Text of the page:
Lobbyists, Bearing Gifts, Pursue Attorneys General

Eric Lipton, Lobbyists, Bearing Gifts, Pursue Attorneys General. The New York Times, 28 October 2014. “Attorneys general are now the object of aggressive pursuit by lobbyists and lawyers who use campaign contributions, personal appeals at lavish corporate-sponsored conferences and other means to push them to drop investigations, change policies, negotiate favorable settlements or pressure federal regulators, an investigation by The New York Times has found.”

Courting Favor: ‘The People’s Lawyers.’ Articles in this series examine the explosion in lobbying of state attorneys general by corporate interests and the millions in campaign donations they now provide.” Winner of the 2015 Pulitzer Prize for Investigative Reporting.

A robust industry of lobbyists and lawyers has blossomed as attorneys general have joined to conduct multistate investigations and pushed into areas as diverse as securities fraud and Internet crimes.

But unlike the lobbying rules covering other elected officials, there are few revolving-door restrictions or disclosure requirements governing state attorneys general, who serve as “the people’s lawyers” by protecting consumers and individual citizens.

A result is that the routine lobbying and deal-making occur largely out of view. But the extent of the cause and effect is laid bare in The Times’s review of more than 6,000 emails obtained through open records laws in more than two dozen states, interviews with dozens of participants in cases and attendance at several conferences where corporate representatives had easy access to attorneys general….

Emails obtained from more than 20 states reveal a level of lobbying by representatives of private interests that had been more typical with lawmakers than with attorneys general.

“The current and increasing level of the lobbying of attorneys general creates, at the minimum, the appearance of undue influence, and is therefore unseemly,” said James E. Tierney, a former attorney general of Maine, who now runs a program at Columbia University that studies state attorneys general. “It is undermining the credibility of the office of attorney general.”…

“An attorney general is entrusted with the power to decide which lawsuits to file and how to settle them, and they have great discretion in their work,” said Anthony Johnstone, a former assistant attorney general in Montana. “It’s vitally important that people can trust that those judgments are not subject to undue influence because of outside forces. And from what I have seen in recent years, I am concerned and troubled that those forces have intensified.”…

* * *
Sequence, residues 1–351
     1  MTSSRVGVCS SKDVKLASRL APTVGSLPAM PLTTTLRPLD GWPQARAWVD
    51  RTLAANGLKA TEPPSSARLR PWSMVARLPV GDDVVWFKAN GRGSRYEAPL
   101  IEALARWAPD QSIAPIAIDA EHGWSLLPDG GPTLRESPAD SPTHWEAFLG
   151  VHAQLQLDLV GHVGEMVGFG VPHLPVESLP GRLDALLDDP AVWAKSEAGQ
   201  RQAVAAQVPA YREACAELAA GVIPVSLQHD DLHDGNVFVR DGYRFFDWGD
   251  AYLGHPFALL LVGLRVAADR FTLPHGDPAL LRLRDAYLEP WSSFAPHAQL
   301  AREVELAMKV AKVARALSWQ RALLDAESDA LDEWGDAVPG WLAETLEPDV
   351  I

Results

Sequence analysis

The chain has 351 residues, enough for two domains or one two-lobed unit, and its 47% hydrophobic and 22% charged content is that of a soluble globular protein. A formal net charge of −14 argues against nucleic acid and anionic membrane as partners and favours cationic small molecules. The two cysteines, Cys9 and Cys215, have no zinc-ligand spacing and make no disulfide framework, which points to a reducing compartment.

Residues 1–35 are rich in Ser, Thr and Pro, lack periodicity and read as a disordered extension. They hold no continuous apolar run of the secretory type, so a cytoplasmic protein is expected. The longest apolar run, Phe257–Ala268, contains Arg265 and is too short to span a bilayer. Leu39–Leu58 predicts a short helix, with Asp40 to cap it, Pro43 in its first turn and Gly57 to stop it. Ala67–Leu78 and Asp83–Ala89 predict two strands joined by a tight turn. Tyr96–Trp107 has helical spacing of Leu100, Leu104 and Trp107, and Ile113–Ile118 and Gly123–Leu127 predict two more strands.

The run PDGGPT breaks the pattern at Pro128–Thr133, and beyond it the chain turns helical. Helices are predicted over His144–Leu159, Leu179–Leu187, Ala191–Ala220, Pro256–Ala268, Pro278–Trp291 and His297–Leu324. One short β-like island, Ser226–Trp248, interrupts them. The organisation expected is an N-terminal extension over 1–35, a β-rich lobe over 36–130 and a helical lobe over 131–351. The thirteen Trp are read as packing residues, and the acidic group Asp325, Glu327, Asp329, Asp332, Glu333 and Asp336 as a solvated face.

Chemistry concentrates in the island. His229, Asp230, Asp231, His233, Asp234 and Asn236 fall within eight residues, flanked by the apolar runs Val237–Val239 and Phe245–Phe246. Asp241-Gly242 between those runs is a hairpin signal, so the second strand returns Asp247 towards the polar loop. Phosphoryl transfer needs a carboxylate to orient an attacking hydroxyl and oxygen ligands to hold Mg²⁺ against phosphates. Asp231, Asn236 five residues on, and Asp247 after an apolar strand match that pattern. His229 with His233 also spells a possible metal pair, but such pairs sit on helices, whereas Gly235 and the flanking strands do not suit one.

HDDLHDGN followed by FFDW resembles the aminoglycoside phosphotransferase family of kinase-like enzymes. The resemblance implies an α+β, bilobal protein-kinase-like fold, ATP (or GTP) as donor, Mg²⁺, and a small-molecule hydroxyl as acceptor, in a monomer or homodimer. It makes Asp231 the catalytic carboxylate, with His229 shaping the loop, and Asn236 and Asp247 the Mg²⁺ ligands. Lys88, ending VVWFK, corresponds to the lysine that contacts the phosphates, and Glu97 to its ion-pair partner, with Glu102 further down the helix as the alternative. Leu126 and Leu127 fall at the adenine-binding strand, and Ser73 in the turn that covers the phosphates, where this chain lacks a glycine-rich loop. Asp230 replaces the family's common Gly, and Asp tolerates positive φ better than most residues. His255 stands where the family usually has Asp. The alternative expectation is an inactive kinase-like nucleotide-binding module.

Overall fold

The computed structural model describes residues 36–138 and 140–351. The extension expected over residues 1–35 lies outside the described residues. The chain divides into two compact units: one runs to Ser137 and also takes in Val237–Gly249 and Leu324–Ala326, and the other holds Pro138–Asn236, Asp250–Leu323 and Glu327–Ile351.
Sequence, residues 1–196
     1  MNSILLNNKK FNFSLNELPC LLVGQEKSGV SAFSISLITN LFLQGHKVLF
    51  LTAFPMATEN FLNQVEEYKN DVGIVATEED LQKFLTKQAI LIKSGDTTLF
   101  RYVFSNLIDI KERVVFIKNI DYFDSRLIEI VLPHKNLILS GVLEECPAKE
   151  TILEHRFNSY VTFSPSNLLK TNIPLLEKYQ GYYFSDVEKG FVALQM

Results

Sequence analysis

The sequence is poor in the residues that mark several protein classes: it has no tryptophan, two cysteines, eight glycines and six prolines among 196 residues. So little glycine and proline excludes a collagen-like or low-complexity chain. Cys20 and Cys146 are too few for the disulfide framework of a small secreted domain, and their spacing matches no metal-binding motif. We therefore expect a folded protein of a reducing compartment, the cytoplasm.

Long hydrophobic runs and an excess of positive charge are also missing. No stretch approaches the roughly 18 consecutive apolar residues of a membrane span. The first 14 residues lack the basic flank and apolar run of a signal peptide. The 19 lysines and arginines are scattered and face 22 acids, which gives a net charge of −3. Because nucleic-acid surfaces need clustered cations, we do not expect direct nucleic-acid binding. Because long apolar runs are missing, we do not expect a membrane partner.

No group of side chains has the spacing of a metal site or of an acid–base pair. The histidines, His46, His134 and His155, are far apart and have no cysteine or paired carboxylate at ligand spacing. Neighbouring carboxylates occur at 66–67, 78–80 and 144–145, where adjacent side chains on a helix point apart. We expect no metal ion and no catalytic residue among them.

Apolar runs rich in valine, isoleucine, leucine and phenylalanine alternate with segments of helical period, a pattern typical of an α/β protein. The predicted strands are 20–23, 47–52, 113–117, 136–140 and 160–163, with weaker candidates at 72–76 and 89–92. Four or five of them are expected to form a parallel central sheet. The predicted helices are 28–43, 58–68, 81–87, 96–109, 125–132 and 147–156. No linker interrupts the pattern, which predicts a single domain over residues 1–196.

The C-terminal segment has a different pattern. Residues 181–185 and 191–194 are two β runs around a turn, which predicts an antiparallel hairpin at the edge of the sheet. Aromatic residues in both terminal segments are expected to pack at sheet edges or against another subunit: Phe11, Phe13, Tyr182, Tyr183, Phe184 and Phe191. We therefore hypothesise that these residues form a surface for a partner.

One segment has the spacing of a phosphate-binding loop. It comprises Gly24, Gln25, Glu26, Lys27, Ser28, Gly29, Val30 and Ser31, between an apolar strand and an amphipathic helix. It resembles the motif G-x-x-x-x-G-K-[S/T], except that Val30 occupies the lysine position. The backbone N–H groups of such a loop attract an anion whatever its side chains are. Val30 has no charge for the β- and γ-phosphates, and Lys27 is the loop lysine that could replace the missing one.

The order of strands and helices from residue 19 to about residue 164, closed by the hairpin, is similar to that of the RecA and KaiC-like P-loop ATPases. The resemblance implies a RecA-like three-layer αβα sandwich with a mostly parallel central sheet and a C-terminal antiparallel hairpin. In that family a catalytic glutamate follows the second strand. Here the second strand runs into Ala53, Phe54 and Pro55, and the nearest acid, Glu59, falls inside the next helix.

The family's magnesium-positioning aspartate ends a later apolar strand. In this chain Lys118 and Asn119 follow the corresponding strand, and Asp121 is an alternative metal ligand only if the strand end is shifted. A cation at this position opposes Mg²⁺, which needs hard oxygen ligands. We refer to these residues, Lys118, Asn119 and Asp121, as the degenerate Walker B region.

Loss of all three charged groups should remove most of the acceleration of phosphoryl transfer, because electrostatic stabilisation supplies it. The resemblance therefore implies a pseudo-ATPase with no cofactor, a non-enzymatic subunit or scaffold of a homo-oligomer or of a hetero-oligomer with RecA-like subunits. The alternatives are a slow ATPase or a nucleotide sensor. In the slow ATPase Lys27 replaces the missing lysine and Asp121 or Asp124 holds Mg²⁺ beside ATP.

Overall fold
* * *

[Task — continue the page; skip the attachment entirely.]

The increased focus on state attorneys general by corporate interests has a simple explanation: to guard against legal exposure, potentially in the billions of dollars, for corporations that become targets of the state investigations.

It can be traced back two decades, when more than 40 state attorneys general joined to challenge the tobacco industry, an inquiry that resulted in a historic $206 billion settlement.

Microsoft became the target of a similar multistate attack, accused of engaging in an anticompetitive scheme by bundling its Internet Explorer with the Windows operating system. Then came the pharmaceutical industry, accused of improperly marketing drugs, and, more recently, the financial services industry, in a case that resulted in a $25 billion settlement in 2012 with the nation’s five largest mortgage servicing companies.

The trend accelerated as attorneys general — particularly Democrats — began hiring outside law firms to conduct investigations and sue corporations on a contingency basis.

The widening scope of their investigations led companies to significantly bolster efforts to influence their actions. John W. Suthers, who has served as Colorado’s attorney general for a decade, said he was not surprised by this campaign….

Republican attorneys general were the first to create a party-based fund-raising group, 14 years ago. An initial appeal for contributions to corporate lobbyists and lawyers said that public policy was being shaped “via the courthouse rather than the statehouse.” It urged corporate lawyers “to round up your clients and come see what RAGA is all about.” The U.S. Chamber of Commerce alone has contributed $2.2 million this year to the group, making it the association’s biggest donor.

The Democrats at first fought the idea, but two years later formed a counterpart….

In an effort to make allies rather than adversaries, Bernard Nash, the head of the attorney general practice at Dickstein and the self-proclaimed “godfather” of the field, tells clients that it is essential to build a personal relationship with important attorneys general, part of what his firm boasts as “connections that count.”

“Through their interaction with A.G.s, these individuals will become the ‘face’ of the company to A.G.s, who are less likely to demagogue companies they know and respect,” said a confidential memo that Dickstein sent late last year to one prospective client, Caesars Entertainment….

State lobbying laws generally require registration when corporations hire someone to influence legislation, but appeals targeting attorneys general are not explicitly covered, even if a company is pushing its agenda….

In at least 31 states and in Congress, elected officials are banned from lobbying their former colleagues during a cooling-off period, which is intended to limit their ability to cash in on their contacts. Once they do start to lobby, they are required to register to disclose the work.

But even in states like Georgia, where the law prohibits state officials from registering as lobbyists or engaging in lobbying for one year after leaving office, a former attorney general made appeals almost immediately to his former office.